‘Historic agreement’ reached between VA and Cherokee Nation to expand veterans care in Oklahoma
The clinic, which will serve both non-Native and Indigenous veterans, is expected to open early next year.
The Veterans Affairs Department and the Cherokee Nation have entered into a “historic agreement” that officials said could serve as a “roadmap” for how rural America can work with tribes to increase care for veterans.
Through the partnership, the Eastern Oklahoma VA Health Care System plans to open a new 1,300-square-foot clinic inside the tribe’s existing Vinita Health Center, according to a press release.
The clinic, which will serve both non-Native and Indigenous veterans, is expected to open early next year. It will be located about an hour northeast of Tulsa.
“By having a VA clinic positioned in the corner of our state and tribal reservation, we know that we are helping ensure that need is met and will make it easier for many veterans,” Cherokee Nation Principal Chief Chuck Hoskin Jr. said in a statement.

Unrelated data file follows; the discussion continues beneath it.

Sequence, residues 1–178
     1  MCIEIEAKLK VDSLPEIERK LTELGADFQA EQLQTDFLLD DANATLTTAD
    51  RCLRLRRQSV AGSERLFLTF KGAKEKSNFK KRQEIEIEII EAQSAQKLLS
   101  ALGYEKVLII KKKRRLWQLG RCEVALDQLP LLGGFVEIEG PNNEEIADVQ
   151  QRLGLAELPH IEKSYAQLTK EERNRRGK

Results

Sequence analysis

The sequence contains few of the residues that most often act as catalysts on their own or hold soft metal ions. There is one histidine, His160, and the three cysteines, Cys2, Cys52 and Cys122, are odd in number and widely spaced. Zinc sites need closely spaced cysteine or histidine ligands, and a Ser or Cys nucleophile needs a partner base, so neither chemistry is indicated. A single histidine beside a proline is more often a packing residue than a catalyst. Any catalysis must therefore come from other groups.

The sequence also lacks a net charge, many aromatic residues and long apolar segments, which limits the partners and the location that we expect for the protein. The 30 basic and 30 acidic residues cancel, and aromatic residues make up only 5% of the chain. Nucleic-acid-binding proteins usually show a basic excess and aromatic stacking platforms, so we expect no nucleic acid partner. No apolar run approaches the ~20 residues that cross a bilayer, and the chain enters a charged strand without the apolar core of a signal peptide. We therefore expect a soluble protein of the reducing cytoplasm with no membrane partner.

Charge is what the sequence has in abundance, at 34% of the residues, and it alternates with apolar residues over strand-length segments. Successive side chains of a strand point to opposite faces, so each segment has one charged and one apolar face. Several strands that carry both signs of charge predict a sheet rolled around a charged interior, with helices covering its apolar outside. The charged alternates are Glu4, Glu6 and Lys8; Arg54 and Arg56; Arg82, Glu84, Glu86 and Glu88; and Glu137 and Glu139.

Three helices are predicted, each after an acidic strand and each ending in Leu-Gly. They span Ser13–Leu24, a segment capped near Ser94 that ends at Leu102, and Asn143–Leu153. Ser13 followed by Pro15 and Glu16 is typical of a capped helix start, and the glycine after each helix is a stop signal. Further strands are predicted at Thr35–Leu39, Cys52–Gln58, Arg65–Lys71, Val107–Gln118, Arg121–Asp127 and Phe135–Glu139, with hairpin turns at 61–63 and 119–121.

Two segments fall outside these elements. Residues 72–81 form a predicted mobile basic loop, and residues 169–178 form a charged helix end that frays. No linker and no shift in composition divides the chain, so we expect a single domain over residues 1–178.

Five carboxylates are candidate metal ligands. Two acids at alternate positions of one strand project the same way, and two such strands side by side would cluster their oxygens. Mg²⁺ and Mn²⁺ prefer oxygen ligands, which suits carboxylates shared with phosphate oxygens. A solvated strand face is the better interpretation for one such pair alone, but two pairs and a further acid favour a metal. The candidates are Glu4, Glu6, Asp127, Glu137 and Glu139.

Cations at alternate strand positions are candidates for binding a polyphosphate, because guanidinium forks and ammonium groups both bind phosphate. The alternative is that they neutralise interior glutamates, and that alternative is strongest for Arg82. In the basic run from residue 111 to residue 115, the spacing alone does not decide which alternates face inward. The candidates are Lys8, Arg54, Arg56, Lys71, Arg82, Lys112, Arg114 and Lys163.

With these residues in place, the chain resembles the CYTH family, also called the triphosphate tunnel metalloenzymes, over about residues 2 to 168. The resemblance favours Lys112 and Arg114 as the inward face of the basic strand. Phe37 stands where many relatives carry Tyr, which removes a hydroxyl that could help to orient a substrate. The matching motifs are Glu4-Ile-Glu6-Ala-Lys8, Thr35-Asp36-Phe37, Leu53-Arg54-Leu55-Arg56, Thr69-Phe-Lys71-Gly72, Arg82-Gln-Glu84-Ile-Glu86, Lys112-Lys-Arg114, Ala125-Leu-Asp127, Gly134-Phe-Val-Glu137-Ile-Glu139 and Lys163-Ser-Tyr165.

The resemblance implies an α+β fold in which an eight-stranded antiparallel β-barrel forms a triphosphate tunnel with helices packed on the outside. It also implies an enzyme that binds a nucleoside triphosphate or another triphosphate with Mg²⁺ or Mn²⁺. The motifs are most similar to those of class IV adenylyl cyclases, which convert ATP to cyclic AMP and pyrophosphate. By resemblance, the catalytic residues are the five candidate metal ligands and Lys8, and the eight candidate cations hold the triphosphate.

Officials said conversations about the “unique partnership” began when the VA in 2021 announced that its Vinita outpatient location would close to allow the federal agency to offer services elsewhere. The Vinita clinic closed Aug. 11, and patients have to travel to a new location a little over 30 minutes away in Claremore.
Five VA staff will work out of the new clinic.
“The Cherokee Nation believes in strong partnerships, and we know this will serve as a model,” Deputy Chief Bryan Warner said in a statement. “The Cherokee Nation and VA share a similar mission and that is taking care of our veterans.”
Once the Vinita clinic opens, there will be five outpatient clinics in the region, officials said. The VA serves about 53,000 veterans living in eastern Oklahoma.
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